A civil society organization, the Perfecto of Sentiment (POS) Foundation has called on the government to abolish the death penalty. The organization argues that the 1992 Constitution promotes and ensures the protection of the human rights of the citizenry, particularly the right to life.
The death penalty is the ultimate denial of human rights. It is premeditated and cold-blooded killing of a human being by the state.
As of August 2015, 129 people were under sentence of death.
According to the report, No official moratorium on executions is in place, but Amnesty International considers Ghana to be “abolitionist in practice” since it retains the death penalty in law for ordinary crimes, but has not executed anyone in the past 10 years. Ghana, it is believed, has an established practice of not carrying out executions.
However, Ghanaian courts continue to hand out mandatory death sentences for the crime of murder, even though the UN Human Rights Committee in 2014 determined that such mandatory sentencing violates Ghana’s international human rights obligations.
The report indicated that, those on death row, a delay in the reform process has left them trapped in grim circumstances. The UN Special Rapporteur on torture and other cruel, inhuman and degrading treatment or punishment noted in 2014 that several inmates on death row “showed signs of severe mental and physical trauma”.
Many of the death row prisoners whom Amnesty International met in 2016 and 2017 showed deep distress at their plight; one man on death row described it as a “prison within a prison” and another said, “If I were to be killed, it would be better than being here.”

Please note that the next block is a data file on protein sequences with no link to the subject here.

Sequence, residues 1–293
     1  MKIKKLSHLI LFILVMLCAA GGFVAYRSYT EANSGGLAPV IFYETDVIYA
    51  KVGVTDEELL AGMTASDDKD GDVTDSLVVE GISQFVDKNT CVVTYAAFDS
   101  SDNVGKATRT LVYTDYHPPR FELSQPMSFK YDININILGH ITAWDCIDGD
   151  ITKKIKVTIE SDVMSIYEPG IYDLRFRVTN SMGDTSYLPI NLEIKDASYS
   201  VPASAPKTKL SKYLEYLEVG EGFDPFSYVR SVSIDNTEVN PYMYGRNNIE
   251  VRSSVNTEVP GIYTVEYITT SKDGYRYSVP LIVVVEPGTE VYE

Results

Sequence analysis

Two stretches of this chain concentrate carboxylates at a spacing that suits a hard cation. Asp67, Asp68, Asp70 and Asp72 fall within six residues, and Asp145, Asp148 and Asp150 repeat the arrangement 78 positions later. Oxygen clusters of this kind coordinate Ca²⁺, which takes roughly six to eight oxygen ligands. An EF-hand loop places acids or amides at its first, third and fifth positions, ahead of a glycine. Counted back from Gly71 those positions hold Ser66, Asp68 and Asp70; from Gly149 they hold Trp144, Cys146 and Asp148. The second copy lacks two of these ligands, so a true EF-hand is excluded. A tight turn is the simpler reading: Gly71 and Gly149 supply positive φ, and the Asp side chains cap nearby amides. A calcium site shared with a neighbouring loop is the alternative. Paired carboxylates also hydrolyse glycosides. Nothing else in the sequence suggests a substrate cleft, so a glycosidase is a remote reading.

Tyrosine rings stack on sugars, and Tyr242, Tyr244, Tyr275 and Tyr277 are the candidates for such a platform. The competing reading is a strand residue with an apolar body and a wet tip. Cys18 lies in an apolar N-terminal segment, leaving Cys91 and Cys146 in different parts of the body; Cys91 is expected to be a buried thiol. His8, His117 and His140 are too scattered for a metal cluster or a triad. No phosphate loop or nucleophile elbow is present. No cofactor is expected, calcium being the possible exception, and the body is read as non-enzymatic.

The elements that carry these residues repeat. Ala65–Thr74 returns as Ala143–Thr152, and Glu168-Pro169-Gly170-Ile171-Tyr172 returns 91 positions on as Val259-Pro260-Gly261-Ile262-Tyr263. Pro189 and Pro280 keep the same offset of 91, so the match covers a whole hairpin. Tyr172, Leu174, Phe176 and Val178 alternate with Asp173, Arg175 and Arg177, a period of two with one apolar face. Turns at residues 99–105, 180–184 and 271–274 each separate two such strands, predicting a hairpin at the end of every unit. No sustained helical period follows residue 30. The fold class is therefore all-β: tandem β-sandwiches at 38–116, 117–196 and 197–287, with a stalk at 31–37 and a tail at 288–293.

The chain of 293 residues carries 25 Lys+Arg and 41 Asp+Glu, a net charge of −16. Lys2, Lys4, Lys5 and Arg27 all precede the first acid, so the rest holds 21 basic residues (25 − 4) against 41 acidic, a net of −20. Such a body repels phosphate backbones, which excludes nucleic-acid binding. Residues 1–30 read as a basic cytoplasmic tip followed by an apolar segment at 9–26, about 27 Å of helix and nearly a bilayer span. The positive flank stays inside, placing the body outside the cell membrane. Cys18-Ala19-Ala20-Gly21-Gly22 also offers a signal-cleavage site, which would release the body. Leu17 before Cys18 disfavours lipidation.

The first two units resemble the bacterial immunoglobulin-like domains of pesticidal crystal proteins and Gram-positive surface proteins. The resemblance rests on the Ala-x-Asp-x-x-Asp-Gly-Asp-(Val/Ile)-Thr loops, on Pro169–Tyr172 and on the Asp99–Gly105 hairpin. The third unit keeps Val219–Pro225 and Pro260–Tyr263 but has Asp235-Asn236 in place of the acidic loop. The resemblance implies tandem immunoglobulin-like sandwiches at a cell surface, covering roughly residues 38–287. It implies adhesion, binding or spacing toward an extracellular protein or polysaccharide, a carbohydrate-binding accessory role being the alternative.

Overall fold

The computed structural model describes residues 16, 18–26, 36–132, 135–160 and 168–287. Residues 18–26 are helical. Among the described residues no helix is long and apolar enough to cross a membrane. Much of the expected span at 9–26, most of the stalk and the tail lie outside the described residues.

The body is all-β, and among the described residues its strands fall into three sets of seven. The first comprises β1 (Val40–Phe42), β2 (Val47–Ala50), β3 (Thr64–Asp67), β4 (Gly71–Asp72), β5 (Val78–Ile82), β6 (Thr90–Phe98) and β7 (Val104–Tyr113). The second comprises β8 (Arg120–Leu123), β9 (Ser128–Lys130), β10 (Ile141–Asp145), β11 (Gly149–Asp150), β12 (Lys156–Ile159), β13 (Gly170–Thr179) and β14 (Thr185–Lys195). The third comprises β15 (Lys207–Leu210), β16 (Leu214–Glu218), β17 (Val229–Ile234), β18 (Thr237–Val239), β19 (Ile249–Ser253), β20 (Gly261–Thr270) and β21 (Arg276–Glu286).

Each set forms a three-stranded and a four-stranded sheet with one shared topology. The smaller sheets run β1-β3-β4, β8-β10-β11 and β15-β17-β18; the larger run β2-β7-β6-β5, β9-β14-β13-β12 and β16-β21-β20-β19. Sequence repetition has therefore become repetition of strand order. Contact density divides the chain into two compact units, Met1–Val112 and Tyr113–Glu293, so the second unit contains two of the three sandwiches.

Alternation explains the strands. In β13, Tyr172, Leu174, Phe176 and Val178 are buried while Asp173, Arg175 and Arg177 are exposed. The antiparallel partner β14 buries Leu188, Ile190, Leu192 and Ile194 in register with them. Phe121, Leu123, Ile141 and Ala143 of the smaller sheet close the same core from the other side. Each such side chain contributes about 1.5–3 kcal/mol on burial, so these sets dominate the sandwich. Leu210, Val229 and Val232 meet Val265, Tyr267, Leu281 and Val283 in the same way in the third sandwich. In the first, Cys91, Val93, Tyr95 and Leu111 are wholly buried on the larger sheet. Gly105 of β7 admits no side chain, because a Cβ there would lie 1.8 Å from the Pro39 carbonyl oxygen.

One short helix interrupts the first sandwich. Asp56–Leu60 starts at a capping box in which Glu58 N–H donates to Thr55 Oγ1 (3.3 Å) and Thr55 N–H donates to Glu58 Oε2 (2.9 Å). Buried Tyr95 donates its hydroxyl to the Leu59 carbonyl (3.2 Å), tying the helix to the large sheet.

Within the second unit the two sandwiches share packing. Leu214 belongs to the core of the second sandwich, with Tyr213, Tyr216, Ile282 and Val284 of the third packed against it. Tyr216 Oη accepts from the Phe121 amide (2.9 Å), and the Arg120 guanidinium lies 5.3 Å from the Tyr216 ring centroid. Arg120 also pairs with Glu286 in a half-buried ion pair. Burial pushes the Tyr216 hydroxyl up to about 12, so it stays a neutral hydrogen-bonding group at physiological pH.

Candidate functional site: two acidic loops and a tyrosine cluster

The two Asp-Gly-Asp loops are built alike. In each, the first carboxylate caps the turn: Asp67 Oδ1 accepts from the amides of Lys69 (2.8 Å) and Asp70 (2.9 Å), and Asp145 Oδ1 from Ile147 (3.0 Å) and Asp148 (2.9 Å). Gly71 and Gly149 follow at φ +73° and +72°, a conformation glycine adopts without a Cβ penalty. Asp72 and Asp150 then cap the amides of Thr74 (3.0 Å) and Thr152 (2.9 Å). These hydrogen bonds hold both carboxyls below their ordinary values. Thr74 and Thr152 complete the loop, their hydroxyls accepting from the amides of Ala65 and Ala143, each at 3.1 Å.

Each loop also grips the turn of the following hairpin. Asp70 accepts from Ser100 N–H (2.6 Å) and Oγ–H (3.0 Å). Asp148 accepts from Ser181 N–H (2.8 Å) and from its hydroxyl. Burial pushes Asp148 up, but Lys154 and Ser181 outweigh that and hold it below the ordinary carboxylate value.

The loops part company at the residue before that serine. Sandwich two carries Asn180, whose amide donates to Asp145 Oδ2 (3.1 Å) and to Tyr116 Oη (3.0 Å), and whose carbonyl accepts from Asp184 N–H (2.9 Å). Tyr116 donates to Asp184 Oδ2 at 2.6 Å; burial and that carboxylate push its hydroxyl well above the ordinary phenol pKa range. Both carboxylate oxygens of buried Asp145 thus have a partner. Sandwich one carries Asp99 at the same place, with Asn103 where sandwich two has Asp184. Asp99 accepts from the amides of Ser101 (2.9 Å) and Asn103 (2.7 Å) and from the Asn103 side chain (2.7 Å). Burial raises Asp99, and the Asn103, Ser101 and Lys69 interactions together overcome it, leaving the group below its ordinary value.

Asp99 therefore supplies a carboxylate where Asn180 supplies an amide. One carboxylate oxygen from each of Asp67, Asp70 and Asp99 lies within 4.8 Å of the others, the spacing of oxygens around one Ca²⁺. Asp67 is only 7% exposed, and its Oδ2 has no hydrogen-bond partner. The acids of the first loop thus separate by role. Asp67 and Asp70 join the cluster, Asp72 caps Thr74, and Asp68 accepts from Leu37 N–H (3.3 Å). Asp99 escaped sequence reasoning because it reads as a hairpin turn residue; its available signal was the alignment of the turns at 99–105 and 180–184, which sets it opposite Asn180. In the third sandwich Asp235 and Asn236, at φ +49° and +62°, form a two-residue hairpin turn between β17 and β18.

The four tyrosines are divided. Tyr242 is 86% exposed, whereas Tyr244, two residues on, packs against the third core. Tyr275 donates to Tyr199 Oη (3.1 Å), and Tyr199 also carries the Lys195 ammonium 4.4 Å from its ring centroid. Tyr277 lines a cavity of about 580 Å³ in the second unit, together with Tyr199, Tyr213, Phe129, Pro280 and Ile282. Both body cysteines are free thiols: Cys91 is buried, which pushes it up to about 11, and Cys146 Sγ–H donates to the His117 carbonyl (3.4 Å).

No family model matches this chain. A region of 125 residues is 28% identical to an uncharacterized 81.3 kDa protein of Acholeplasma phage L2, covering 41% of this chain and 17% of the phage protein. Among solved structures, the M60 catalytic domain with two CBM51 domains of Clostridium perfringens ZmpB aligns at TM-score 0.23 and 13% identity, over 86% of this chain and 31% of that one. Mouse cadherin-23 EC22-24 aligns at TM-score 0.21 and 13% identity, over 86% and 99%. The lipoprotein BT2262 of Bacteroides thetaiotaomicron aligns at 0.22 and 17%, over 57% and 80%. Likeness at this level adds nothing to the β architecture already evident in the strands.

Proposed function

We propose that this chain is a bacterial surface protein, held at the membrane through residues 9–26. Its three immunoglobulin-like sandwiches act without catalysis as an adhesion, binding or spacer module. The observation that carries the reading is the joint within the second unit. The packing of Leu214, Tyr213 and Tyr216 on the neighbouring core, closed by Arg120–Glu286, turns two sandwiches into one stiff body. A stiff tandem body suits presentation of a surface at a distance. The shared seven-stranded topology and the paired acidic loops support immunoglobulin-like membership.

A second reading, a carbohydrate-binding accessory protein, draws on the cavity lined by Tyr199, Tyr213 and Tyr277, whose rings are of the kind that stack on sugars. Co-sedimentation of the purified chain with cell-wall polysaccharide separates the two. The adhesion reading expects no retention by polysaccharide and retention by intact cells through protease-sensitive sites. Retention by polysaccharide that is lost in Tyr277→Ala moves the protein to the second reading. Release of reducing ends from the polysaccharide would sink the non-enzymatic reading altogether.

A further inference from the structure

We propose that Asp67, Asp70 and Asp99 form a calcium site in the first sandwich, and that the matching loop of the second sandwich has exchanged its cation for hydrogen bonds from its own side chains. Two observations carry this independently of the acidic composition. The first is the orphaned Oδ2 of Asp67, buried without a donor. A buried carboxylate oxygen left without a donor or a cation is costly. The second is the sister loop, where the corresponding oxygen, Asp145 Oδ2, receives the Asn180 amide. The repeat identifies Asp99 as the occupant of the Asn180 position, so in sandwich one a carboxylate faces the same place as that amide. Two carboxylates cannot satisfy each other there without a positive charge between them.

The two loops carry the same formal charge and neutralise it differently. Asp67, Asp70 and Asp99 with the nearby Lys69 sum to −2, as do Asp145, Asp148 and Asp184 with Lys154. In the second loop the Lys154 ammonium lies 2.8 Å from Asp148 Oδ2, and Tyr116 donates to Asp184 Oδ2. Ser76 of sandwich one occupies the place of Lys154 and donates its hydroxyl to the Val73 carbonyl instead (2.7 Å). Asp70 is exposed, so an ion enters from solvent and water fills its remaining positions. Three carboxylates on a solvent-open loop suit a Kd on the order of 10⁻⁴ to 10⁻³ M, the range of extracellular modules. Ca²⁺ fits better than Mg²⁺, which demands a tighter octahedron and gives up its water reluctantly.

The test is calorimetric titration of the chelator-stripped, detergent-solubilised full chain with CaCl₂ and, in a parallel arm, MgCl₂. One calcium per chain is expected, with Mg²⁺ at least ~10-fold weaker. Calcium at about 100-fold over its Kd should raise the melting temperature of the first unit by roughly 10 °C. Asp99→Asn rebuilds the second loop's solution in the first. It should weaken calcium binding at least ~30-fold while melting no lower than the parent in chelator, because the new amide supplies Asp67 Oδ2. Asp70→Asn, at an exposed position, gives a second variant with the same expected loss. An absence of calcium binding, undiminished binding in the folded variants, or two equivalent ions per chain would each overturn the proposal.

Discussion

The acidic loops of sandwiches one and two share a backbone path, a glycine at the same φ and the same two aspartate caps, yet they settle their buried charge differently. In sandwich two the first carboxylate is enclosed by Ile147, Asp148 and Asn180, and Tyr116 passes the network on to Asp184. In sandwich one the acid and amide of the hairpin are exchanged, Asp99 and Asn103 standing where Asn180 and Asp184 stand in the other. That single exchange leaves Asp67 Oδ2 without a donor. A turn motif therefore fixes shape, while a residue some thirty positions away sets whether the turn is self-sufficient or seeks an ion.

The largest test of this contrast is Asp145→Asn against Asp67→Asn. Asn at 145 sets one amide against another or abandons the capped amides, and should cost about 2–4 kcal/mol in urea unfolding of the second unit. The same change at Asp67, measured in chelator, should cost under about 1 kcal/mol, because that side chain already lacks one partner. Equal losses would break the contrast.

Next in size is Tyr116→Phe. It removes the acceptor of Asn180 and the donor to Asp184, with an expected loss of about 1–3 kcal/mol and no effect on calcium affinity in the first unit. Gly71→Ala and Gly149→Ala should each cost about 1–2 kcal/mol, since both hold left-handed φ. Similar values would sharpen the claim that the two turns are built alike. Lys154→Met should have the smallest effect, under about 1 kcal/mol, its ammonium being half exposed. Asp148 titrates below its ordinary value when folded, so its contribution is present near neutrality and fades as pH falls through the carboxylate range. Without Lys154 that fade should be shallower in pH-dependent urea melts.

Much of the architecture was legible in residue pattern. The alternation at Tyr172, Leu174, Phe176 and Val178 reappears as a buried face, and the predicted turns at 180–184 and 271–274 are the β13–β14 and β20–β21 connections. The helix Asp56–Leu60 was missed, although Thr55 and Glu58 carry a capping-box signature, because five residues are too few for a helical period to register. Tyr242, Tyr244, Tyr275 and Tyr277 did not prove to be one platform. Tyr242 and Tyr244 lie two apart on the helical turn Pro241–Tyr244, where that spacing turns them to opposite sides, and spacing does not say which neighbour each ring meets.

Ghana’s failure to ratify International Covenant on Civil and Political Rights (ICCPR-OP2) has created anxiety and uncertainty for inmates under sentence of death. They do not know if and when a new administration could begin executions because of the lack of a moratorium on the death penalty.
In August 2016, Researchers visited Nsawam Maximum Security Prison (Nsawam Prison) and interviewed 98 men and three women prisoners out of 137 people on death row at the time. The organization visited Nsawam Prison again in March 2017 and there were six prisoners on death row officially considered to have mental and intellectual disabilities. They received no specialized treatment, although the Prison Service said it was seeking psychiatric support.
The report therefore recommended that, Government of Ghana as matter of urgency should ratify, without reservations, the International Covenant on Civil and Political Rights, aiming at the abolition of the death penalty.
POS Foundation recommended that, there should be an establishment of an official moratorium on executions and commutes the death sentences of all death row prisoners to terms of imprisonment.
By: Latifa Carlos